My aunt glided into the water, a translucent shadow. Evdokia held my son up to her and Erra took him, holding him up by pure magic coursing through her ghostly arms. A pulse of power shot through her and into the baby. For a second, my son glowed.
“The blood bred true.” Pride vibrated in Erra’s voice. “Behold the Prince of Shinar and know he is perfect!”
Magic burst above us. I felt it even through the barrier, aimed at the witches’ shield like a needle. My father was coming.
My aunt broke apart into a cloud of pure glowing magic. The cloud swirled around my son. He floated in the cocoon of Erra’s power, shielded by her essence.
The needle of my father’s magic smashed into the witch barrier. For a torturous fraction of a second it held, but the needle burrowed, pushing harder and harder. A moment and he would be through.
He would not get our son.
Power tore out of me in a focused torrent of pain. I sank every ounce of strength into it. My power met the invading magic. The water of the lake rose in long strands and hung suspended in the air above the dry lake bed.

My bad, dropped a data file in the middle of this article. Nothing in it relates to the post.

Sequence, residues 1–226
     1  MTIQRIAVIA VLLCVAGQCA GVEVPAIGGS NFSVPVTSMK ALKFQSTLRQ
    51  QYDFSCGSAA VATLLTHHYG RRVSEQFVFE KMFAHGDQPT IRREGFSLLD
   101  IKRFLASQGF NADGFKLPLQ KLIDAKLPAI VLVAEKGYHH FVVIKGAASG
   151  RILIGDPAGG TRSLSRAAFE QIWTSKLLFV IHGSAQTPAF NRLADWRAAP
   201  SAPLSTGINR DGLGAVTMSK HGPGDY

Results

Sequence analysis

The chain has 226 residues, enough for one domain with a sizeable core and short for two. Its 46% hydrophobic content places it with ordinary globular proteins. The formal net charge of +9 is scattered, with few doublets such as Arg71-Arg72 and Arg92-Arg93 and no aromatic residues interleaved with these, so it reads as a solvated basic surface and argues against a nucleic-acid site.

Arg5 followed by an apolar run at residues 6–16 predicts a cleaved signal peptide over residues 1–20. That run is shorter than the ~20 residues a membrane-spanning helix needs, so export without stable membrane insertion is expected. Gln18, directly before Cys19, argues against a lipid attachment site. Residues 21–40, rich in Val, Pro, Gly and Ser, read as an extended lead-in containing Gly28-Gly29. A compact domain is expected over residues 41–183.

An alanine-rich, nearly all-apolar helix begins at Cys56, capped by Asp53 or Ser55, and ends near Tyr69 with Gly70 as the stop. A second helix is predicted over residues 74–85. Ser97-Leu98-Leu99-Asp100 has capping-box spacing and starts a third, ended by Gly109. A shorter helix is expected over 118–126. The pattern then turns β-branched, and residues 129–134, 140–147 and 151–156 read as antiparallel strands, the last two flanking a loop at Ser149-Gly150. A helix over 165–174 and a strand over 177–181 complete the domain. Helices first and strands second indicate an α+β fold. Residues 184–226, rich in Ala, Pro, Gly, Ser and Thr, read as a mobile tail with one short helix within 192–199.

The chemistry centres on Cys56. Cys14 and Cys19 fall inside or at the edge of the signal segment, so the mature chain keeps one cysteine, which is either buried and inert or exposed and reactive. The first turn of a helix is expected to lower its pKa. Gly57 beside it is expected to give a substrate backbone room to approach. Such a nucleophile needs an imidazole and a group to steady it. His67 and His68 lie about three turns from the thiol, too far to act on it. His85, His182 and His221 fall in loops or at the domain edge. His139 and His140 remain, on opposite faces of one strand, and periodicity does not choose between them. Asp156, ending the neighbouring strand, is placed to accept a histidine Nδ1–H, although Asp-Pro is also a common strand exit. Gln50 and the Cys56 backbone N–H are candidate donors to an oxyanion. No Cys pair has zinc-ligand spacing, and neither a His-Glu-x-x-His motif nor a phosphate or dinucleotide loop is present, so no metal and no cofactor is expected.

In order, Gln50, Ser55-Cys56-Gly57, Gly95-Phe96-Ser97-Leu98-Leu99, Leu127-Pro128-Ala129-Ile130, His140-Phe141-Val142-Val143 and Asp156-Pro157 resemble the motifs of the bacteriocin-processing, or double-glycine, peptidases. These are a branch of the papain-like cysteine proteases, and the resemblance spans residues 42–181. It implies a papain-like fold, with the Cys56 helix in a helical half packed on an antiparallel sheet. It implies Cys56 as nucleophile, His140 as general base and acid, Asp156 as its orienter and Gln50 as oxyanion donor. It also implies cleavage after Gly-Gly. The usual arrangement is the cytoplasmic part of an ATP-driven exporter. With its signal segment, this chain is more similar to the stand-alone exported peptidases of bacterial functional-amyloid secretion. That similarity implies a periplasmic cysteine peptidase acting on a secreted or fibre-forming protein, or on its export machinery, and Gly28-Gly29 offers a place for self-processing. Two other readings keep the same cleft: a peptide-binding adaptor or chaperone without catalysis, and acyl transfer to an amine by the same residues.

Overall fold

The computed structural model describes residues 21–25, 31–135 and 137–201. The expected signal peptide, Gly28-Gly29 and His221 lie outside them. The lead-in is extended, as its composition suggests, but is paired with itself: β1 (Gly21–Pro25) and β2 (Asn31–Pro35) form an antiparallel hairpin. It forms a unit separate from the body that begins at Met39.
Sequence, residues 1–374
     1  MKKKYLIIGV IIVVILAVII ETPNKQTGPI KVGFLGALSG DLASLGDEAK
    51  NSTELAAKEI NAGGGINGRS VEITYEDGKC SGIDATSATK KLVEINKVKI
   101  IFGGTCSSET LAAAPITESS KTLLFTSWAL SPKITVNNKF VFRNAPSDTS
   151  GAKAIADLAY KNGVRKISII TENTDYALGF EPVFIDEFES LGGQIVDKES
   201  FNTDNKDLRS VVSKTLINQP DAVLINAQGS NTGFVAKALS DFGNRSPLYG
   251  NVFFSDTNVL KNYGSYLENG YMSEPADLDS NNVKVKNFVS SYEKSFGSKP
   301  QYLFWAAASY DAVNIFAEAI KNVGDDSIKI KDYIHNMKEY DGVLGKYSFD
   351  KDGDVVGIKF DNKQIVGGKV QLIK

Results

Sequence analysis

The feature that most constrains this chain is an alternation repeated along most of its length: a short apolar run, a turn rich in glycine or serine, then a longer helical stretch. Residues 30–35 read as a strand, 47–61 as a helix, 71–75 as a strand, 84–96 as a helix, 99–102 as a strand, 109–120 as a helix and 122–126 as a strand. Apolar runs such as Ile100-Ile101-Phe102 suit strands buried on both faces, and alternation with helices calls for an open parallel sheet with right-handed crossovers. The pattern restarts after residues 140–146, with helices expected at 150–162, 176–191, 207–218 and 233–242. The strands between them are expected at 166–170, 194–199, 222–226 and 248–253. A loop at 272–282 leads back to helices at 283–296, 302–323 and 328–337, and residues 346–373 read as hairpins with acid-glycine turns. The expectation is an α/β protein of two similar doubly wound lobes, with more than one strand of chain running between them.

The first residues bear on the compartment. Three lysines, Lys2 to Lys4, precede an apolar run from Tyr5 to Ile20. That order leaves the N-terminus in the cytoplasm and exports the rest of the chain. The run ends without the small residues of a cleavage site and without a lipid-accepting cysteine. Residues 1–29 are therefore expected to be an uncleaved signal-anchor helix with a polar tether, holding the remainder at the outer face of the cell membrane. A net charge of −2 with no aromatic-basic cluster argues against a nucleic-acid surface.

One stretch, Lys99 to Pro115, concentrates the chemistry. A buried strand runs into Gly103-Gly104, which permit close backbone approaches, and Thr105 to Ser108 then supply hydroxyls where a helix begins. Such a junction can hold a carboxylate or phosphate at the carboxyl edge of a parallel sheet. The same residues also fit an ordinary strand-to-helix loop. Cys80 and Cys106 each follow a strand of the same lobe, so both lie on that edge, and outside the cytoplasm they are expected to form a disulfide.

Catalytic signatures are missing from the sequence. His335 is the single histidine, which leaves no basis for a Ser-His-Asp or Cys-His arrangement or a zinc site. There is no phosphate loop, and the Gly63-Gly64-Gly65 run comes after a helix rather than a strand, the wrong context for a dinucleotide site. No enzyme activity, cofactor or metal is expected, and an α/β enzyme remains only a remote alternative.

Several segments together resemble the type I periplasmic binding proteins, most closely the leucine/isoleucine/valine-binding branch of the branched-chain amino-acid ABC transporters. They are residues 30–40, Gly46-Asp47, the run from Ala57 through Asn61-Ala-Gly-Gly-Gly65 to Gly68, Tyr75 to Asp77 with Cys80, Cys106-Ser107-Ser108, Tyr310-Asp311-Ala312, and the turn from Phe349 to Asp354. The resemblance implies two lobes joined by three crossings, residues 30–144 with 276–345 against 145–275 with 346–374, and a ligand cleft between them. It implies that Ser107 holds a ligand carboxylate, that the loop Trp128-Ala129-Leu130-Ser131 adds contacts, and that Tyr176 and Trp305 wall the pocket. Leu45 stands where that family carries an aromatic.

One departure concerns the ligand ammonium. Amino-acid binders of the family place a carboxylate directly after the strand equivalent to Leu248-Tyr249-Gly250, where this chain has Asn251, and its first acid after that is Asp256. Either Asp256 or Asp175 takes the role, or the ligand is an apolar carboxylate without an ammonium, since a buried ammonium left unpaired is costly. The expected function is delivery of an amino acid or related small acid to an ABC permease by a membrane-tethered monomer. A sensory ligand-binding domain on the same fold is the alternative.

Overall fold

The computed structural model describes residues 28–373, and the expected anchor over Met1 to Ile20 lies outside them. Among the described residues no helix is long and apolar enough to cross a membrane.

Words of power slid from my lips. “Not today. Not ever.”
We struggled, the magic vibrating between us, the currents of power coursing and twisting as if alive.
The needle pushed, the weight of Roland’s full might behind it.
I screamed and there was no pain in my voice, only rage. Magic flooded into me, the land giving me the reserve I needed, and I sent it against my father.
The needle shattered.
The water collapsed back into the cavern’s lake.
I slumped back. My father failed.
I was done. I was so done.
Curran jumped into the water. Erra released our son, and Curran caught him. My aunt reformed. Something passed between her and Curran, an odd look, but I was too tired to care.
Curran laid our baby on my chest. I hugged him to me. He was so tiny. So tiny. A life Curran and I made together.
Curran wrapped his hands around me, lifting both of us to him.
“Name the child,” Erra said.
“Conlan Dilmun Lennart,” I said. The first name belonged to Curran’s father. The second came from Erra. It was a name of an ancient kingdom and she said it would protect him.
Conlan Dilmun Lennart squirmed on my chest and cried. There was no better sound in the world.
Thirteen months later
A thud jerked me awake. I was up and moving, my sword in my hand, before my brain processed that I was now standing.
I paused, Sarrat raised.